Effect of an Annular Closure Device (Barricaid) on Same-Level Recurrent Disk Herniation and Disk Height Loss After Primary Lumbar Discectomy Two-year Results of a Multicenter Prospective Cohort Study CLINICAL SPINE SURGERY Parker, S. L., Grahovac, G., Vukas, D., Vilendecic, M., Ledic, D., McGirt, M. J., Carragee, E. J. 2016; 29 (10): 454-460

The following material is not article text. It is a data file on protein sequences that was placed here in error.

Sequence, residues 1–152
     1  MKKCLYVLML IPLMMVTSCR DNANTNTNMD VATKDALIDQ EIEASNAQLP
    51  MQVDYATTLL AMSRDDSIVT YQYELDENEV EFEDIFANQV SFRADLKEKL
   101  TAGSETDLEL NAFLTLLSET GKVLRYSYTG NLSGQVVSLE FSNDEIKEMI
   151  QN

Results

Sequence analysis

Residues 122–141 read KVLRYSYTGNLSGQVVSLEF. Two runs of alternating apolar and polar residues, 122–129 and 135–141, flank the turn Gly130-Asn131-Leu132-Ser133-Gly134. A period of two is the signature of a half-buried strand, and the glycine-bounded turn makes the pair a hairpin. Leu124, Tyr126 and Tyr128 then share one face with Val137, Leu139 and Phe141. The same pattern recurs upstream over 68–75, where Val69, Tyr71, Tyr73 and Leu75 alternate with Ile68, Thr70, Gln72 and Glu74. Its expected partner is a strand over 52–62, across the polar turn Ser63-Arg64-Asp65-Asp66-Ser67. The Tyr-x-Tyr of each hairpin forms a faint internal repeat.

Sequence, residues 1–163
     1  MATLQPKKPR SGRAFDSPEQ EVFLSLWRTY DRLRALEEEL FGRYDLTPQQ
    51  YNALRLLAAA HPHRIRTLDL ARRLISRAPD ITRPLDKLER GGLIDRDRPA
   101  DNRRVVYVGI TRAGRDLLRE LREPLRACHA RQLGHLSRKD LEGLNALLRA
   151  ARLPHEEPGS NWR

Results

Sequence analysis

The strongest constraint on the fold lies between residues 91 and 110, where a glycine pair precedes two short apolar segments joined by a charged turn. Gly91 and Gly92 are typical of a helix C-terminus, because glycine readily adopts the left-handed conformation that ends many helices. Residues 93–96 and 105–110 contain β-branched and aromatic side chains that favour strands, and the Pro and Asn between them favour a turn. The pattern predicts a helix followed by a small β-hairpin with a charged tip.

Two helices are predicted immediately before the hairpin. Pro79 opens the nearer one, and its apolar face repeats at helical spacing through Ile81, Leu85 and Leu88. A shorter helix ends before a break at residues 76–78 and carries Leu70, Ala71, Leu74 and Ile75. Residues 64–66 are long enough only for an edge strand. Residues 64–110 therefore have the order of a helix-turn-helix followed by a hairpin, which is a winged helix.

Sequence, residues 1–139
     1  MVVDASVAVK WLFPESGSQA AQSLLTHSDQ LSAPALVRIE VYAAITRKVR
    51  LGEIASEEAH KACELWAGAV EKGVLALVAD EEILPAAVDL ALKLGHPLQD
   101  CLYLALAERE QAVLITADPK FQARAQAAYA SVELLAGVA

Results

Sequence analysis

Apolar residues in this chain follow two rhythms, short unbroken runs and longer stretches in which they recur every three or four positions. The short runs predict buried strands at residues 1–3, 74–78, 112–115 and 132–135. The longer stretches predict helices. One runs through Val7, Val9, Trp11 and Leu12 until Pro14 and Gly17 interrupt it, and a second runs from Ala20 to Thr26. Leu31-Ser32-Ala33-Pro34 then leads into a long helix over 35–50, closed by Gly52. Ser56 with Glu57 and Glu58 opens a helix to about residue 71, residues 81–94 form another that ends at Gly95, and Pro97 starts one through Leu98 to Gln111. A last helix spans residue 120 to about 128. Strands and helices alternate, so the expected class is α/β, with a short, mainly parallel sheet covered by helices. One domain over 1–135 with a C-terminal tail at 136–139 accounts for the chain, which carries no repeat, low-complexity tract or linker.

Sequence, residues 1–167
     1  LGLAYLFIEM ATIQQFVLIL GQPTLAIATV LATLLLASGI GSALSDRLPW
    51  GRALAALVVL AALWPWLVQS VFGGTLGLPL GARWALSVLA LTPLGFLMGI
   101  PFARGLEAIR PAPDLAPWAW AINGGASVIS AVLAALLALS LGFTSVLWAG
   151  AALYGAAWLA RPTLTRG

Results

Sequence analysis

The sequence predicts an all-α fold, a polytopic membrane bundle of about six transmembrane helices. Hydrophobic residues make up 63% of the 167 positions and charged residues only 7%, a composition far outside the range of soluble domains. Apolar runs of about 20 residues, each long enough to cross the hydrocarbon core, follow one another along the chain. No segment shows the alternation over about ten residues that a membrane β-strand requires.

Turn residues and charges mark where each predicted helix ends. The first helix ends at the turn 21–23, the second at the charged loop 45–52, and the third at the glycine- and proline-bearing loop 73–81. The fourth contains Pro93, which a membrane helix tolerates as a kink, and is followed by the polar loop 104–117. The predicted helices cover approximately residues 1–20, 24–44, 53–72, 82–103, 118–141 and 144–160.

A prospective cohort study.To evaluate whether an annular closure device could be implanted safely to reduce same-level recurrent disk herniation, or attenuate disk height loss and improve the outcome after lumbar discectomy.Same-level recurrent disk herniation, disk height loss, and progressive degeneration are common complications and sequelae after lumbar discectomy. Techniques to reduce these consequences may improve outcomes.Forty-six consecutive patients undergoing lumbar discectomy for single-level herniated disk at 2 institutions were followed prospectively with clinical and radiographic evaluations at 6 weeks and 3, 6, 12, and 24 months (control cohort). A second consecutive cohort of 30 patients undergoing 31 lumbar discectomies with implantation of an annular closure device was followed similarly. Incidence of recurrent disk herniation, disk height loss, the leg and back pain visual analog scale (VAS), and the Oswestry Disability Index were assessed at each follow-up.Cohorts were well matched at baseline. By 2 years of follow-up, symptomatic recurrent same-level disk herniation occurred in 3 (6.5%) patients in the control cohort versus 0 (0%) patients in the annular repair cohort (P=0.27). A trend of greater preservation of disk height was observed in the annular repair versus the control cohort 3 months (7.9 vs. 7.27 mm, P=0.08), 6 months (7.81 vs. 7.18 mm, P=0.09), and 12 months (7.63 vs. 6.9 mm, P=0.06) postoperatively. The annular closure cohort reported less leg pain (VAS-LP: 5 vs. 16, P<0.01), back pain (VAS-BP: 13 vs. 22, P<0.05), and disability (Oswestry Disability Index: 16 vs. 22, P<0.05) 1 year postoperatively.Implantation of a novel annular repair device was associated with greater maintenance of disk height and improved 1-year leg pain, back pain, and low-back disability. Recurrent disk herniation did not occur in any patient after annular repair. Closure of annular defect after lumbar discectomy may help preserve the physiological disk function and prevent long-term disk height loss and associated back and leg pain.

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